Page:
In most markets, there are sources of capital available for a kind of intermediary financing. A third party could have been found to provide the cash the seller needed to exit the deal, in return for the repayment of that investment by the cash-strapped buyer. Neither party had the financial acumen or networks to find such an intermediary. Hardly anyone would think of buying a house this way. We almost always use mortgage financing to allow us to buy a much more valuable house than we could afford in an all-cash deal. The seller of the house gets cash, and the buyer pays down the mortgage over time. Without mortgages and professional real estate brokers, the housing market would be severely constrained. Similar facilities exist in business markets.

The Art of Know What You Are Getting

The first and foremost principle in buying any business is to understand what is really being bought. This includes both tangible and intangible assets. Besides the positive assets, the transaction should also address the existing liabilities that the buyer would have to assume and possible future ones inherent in the deal. It is important to value both assets and liabilities in terms of what it would cost the proposed buyer to replace them. In doing that, one must be careful not to use their book or historical cost accounting values—particularly for real estate—although the history of those book values may be very useful in discovering hidden assets. The firm’s specific assets should be examined and assessed, even if the firm will be valued as a going concern, to be sure these things are as they appear, or at least so the buyer does understand what they represent.

Structuring the Business Sale

One of the important things to consider when structuring the sale is the tax implications. Both the seller and the buyer will have certain tax implications arising from the transaction. An experienced Salt Lake City Utah corporate lawyer can help you structure the sale to deal with the tax implications.

Sellers usually try to structure sales to get the most money, as soon as possible, after taxes. This objective requires careful planning in organizing the business for tax purposes well before it becomes time to consider selling. There are two basic ways that a closely held firm can be structured for taxes. It can be operated as a regular C corporation, which pays taxes as a business before its shareholders pay again on any dividends they receive. Alternatively, the firm can be formed as a single-tax entity, such as a partnership, or Subchapter S corporation. More recently, owners have the additional option of using a Limited Liability Company (LLC) or Limited Liability Partnership (LLP), in which all profits annually flow through to the owners, who then pay the taxes at their personal income tax rates.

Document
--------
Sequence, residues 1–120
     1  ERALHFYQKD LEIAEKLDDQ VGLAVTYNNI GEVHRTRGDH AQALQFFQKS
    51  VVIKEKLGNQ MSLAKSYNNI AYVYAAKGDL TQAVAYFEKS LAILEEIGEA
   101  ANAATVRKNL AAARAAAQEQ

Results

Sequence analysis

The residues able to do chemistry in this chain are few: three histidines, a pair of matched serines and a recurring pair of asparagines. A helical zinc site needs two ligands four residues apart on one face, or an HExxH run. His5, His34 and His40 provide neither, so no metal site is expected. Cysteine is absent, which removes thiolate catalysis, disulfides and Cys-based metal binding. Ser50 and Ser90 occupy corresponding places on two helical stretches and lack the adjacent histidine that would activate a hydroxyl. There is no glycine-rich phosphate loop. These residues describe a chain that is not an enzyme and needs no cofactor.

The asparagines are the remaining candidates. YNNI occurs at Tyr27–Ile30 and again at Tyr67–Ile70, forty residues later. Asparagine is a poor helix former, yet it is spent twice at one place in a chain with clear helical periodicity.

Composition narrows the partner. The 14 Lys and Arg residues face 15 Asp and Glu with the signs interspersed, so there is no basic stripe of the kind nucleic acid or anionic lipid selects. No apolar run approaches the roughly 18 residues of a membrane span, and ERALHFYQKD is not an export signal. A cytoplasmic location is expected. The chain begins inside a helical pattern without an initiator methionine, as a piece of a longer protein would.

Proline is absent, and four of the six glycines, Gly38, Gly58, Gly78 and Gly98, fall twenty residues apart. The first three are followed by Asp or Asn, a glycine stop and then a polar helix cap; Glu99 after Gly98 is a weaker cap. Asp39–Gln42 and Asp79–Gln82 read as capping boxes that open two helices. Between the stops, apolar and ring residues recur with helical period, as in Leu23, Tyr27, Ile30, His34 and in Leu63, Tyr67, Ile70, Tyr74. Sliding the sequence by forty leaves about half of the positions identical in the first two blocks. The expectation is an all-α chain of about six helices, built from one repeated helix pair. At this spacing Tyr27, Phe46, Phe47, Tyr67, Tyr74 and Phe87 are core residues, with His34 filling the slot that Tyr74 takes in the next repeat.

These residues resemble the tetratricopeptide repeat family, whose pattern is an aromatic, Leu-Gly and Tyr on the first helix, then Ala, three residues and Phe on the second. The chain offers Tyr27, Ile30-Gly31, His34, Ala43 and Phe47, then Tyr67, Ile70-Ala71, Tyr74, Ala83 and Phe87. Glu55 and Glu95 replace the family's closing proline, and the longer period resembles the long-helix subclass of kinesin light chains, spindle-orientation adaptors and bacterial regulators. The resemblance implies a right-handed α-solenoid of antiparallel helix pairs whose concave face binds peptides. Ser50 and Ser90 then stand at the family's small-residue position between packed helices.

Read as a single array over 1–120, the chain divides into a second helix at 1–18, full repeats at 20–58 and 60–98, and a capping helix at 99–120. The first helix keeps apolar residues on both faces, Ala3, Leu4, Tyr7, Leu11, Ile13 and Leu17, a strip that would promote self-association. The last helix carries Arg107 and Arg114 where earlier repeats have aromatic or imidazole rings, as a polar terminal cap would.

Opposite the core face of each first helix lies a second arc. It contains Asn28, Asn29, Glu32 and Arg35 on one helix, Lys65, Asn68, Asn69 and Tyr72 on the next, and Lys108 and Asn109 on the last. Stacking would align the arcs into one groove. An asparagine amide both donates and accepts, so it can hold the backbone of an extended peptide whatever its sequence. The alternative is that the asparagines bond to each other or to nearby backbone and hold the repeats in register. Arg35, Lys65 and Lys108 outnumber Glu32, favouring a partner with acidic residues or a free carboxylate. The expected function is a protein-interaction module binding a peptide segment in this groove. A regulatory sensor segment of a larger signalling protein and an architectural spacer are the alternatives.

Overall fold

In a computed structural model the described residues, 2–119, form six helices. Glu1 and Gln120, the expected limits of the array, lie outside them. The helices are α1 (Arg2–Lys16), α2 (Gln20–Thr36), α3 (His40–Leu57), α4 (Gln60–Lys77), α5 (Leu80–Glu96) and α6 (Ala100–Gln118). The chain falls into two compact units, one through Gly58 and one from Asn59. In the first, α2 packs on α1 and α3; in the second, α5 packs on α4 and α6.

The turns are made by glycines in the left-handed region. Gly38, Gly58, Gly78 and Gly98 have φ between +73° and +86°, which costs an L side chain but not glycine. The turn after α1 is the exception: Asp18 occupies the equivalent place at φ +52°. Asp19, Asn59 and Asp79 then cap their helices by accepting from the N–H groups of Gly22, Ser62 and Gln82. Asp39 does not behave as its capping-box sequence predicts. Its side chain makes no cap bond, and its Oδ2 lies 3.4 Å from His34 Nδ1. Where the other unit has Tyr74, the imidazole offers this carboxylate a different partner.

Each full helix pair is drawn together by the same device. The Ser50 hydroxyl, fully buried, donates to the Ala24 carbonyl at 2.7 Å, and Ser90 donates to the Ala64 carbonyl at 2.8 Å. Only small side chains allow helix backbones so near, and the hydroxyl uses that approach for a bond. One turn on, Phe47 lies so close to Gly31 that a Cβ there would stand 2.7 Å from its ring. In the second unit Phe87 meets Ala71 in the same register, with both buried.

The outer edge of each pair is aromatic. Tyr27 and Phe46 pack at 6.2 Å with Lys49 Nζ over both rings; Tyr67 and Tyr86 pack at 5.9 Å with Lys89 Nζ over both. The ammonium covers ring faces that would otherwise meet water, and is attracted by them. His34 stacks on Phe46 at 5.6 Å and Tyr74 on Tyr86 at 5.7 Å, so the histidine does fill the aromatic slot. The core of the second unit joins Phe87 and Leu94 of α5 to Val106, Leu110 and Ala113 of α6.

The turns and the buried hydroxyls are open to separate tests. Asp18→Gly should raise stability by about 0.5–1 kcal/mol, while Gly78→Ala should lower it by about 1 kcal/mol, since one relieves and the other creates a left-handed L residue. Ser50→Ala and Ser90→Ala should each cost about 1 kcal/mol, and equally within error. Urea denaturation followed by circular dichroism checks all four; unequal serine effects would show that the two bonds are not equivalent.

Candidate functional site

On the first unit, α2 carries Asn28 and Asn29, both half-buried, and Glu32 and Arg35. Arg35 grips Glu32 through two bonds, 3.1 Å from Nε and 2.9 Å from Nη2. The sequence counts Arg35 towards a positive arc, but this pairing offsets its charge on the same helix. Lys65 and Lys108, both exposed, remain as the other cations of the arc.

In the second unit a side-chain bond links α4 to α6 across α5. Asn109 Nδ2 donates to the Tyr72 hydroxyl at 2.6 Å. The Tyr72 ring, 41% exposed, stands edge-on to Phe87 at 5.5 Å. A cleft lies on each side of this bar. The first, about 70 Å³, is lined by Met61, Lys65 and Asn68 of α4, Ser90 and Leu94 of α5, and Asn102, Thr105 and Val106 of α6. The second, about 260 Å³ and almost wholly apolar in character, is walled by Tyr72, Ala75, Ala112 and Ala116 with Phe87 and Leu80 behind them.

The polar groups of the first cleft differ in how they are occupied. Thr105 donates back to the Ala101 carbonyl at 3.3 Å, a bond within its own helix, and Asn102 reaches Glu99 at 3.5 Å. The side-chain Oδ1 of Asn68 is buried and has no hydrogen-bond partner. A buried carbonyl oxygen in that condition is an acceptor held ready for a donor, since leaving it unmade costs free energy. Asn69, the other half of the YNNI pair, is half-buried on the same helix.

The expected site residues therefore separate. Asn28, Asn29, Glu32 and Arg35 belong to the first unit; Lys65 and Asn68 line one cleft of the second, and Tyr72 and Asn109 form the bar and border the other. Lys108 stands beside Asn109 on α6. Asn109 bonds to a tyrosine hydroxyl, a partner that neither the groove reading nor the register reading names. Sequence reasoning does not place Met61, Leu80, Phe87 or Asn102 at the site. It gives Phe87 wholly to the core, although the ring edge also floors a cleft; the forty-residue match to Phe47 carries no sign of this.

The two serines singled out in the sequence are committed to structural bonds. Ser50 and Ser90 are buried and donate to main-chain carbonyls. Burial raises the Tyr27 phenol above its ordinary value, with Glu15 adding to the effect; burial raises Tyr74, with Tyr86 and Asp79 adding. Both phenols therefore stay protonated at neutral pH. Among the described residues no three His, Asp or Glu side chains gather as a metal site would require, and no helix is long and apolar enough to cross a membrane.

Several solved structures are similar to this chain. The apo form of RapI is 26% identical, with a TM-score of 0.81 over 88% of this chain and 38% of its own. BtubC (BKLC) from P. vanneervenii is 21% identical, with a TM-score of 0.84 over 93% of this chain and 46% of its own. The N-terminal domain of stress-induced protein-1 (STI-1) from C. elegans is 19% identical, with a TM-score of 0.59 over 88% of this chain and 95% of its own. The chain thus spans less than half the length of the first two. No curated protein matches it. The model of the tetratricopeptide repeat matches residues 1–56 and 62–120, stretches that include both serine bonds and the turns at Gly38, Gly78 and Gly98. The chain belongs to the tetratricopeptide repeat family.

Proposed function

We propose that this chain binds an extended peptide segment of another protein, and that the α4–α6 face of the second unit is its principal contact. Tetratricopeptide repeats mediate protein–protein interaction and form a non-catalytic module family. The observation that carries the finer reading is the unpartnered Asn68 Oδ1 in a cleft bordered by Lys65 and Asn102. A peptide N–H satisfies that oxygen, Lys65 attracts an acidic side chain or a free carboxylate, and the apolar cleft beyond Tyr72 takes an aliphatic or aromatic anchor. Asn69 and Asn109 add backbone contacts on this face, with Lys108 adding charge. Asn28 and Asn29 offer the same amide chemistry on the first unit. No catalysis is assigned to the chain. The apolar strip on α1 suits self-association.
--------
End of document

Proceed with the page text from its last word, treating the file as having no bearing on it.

At first glance, paying taxes once sure looks better than paying taxes twice. But one must look closely. When taxes are paid twice (regular or C corporation), all the wages and benefits paid to the owner/manager are tax-deductible (for the business)—including medical insurance and contributions to retirement plans. These benefits must also be made available to all employees, however, not just the controlling shareholder, to be deducted by the corporation. Furthermore, the IRS goes to great lengths, particularly with retirement plans, to make sure that they do not just benefit the highly paid workers in a firm, a group that most obviously includes the owner/ manager. Although they can be deducted from taxable income as business expenses, those employee benefits are still expenses, still costs to the business. Do they pay for themselves in reduced taxes and increased employee morale, productivity, and loyalty? That’s the trade-off.

Limited Partnerships

Another option to minimize taxes when transferring ownership is to use a limited partnership. This technique only works when the children do not want to run the business. If they are materially participating in the firm’s operations, the IRS will not recognize this form of transfer for its favorable tax treatment. The original owner/manager remains the general partner, still running the business. Children receive ownership positions, with a minority interest discount even when they have over 50% ownership. Once the ownership position is transferred, the entire business is sold, triggering capital gains treatment.

Good advice on tax strategies is always recommended. U.S. tax laws change frequently, and the Internal Revenue Code has become very complicated. After-tax wealth is one of the primary objectives of a sale; good advisors can be very valuable in helping owners reach that objective. Conversely, bad advice, or aggressiveness to the point of fraud, can be very expensive. Therefore, one should check with an expert on trusts for the latest rulings and corresponding IRS treatment before proceeding. Any lawyer can point to at least a dozen cases in which large sums of money — in taxes and legal and accounting fees — could have been saved if only question had been asked, a single phone call to an expert made. Speak to an experienced Salt Lake City Corporate Lawyer. The lawyer can help you structure the sale or purchase depending on whether you are buying or selling the business.
Whether you are the buyer or the seller of a business, you will need sound legal advice. As a seller you need to be aware of what you are selling and as a buyer you need to be aware of what you are getting in return for the money you are shelling out. There is also the tax implications to be considered. As a buyer, you must conduct proper due diligence before you sign the contract. The last thing you want is to be straddled with liabilities that have nothing to do with you. Speak to an experienced Salt Lake City Utah corporate attorney and get invaluable advice.

Free Consultation with a Corporation Attorney in Salt Lake City

When you need legal help with a company in Salt Lake City Utah, please call Ascent Law for your free consultation (801) 676-5506. We want to help you.

Michael R. Anderson, JD

Ascent Law LLC
8833 S. Redwood Road, Suite C
West Jordan, Utah
84088 United States

Telephone: (801) 676-5506